Pope John XXIII addressed in his encyclical Mater et Magistra the vast field for personal charity which would absolutely include health cost sharing. He wrote: “Tragic situations and urgent problems of an intimate and personal nature are continually arising which the State with all its machinery is unable to remedy or assist. There will always remain, therefore, a vast field for the exercise of human sympathy and the Christian charity of individuals. We would observe, finally, that the efforts of individuals, or of groups of private citizens, are definitely more effective in promoting spiritual values than is the activity of public authority.” (Mater et Magistra, 120)
Solidarity HealthShare seeks to restore and rebuild an authentic Catholic health care system that will, in every way, respect and promote the Church’s teachings and traditions with regard to love, responsibility and the sanctity of all human life while endeavoring to share the eligible medical expenses of our members.
The requirements for membership in the ministry are fairly consistent with those of other ministries, for example no drug or alcohol abuse. Regular church attendance is also expected . Not surprisingly for a Catholic entity, there are also prohibitions on contraceptive use (Protestants tend not to have objections to married couples using contraception) and an expectation that members “[r]eceive the Sacraments regularly” and “[c]onsult with our priests over matters of moral conscience.”
Solidarity HealthShare offers three different membership levels. The “annual unshared amount” (personal responsibility amount) is the same for all three levels, $500 for an individual, $1,000 for a couple, and $1,500 for a family. The most generous level, Solidarity Whole, will share 100 percent of medical expenses up to $1 million per incident after the annual unshared amount has been met.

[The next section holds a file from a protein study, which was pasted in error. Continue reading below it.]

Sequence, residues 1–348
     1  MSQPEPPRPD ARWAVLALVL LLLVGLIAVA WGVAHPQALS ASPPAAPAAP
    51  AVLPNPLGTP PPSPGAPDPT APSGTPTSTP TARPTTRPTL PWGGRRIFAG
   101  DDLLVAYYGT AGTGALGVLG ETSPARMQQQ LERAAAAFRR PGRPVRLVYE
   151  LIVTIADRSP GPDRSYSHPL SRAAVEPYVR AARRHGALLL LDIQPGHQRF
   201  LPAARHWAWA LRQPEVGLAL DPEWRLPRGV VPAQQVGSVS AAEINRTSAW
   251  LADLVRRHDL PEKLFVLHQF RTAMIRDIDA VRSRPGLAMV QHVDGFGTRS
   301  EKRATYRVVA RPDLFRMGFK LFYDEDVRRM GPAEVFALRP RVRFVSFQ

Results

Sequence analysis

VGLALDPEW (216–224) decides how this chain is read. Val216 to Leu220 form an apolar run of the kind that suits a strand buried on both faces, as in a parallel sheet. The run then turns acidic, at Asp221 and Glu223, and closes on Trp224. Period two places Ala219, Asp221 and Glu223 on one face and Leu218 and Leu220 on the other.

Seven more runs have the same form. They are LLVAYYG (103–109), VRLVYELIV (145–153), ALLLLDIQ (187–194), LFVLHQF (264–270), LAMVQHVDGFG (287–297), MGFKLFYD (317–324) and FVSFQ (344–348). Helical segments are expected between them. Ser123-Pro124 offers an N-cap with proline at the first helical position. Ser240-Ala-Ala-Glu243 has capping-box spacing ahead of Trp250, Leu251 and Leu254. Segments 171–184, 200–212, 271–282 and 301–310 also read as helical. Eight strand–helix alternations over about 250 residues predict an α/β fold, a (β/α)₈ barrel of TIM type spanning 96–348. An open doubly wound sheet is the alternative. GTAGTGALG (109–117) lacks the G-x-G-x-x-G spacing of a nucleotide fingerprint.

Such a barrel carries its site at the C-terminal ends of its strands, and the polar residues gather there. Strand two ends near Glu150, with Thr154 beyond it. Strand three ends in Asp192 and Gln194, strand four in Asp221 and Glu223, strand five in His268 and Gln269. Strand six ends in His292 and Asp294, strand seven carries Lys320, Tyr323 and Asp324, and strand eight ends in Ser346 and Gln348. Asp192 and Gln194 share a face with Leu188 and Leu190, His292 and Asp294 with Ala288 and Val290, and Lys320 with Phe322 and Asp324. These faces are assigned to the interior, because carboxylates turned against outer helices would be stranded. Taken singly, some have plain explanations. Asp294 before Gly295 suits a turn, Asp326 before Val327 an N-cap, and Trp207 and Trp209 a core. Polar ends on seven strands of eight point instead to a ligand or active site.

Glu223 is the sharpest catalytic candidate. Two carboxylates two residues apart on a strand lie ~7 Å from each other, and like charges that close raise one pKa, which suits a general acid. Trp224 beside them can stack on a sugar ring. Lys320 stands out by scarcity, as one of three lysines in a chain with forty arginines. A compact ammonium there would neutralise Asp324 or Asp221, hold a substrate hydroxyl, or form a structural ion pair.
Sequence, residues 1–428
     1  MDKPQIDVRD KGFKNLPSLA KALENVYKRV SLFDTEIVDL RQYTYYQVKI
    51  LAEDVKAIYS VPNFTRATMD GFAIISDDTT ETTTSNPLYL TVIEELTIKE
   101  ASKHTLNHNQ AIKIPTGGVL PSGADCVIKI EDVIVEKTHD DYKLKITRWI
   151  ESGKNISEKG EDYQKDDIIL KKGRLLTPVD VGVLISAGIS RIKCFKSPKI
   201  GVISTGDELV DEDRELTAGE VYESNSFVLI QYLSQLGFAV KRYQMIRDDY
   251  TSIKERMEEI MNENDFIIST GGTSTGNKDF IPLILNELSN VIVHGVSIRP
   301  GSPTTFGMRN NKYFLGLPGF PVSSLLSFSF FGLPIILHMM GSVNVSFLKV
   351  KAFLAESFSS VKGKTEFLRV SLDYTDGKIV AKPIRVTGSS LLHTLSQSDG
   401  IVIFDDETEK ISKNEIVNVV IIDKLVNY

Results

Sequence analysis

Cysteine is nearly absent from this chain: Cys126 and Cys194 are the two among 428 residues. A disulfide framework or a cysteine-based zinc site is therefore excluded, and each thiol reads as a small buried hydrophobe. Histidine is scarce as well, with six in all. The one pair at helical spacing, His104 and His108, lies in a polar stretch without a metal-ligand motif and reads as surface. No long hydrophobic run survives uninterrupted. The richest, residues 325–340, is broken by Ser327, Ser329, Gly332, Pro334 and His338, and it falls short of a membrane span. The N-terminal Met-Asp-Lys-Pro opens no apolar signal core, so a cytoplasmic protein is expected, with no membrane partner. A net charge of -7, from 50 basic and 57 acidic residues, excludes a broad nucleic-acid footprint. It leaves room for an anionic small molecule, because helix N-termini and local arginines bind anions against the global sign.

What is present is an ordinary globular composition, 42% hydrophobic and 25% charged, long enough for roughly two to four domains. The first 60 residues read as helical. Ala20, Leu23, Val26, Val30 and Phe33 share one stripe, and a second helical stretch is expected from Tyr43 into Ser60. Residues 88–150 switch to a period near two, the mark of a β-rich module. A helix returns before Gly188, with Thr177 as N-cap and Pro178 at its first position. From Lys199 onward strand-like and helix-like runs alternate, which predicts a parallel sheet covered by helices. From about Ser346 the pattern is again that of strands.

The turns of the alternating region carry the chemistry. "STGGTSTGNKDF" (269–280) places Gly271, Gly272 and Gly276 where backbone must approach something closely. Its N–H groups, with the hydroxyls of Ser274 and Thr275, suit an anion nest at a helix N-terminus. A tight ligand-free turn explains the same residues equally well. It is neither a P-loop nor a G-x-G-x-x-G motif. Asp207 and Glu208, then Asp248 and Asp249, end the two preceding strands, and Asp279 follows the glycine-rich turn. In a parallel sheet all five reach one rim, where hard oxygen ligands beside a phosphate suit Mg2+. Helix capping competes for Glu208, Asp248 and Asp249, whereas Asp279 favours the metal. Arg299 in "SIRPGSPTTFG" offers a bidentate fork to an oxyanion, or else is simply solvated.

The other two programs, Solidarity Extend and Solidarity First, will both share expenses up to $125,000 per incident. The difference is that 100 percent of medical bills are shareable in Solidarity Extend, while only 70 percent are shared in Solidarity First.
It may surprise those who aren’t familiar with the distribution of medical expenses, but the differences in monthly membership costs aren’t all that significant despite the significantly more generous amount that can be shared at the Solidarity Whole level.
For example, a couple between the ages of 30 and 65 signing up for Solidarity Whole, with a $1 million cap on shareable expenses, would pay $299 a month. Solidarity Extend, with a $125,000 cap, would cost the same couple $277, and Solidarity First would cost $248. This repeats a pattern familiar to members of other ministries who opt for some form of add-on coverage – at Christian Healthcare Ministries, for example, membership in the Brother’s Keeper program typically costs around $25 every three months for each person in a family.
These costs are generally much less than individuals, couples, and families would pay for conventional health coverage. And, just like the other ministries I have written about in the past, members of Solidarity HealthShare are exempt from having to pay the tax/fine for being uninsured, even though technically it isn’t insurance.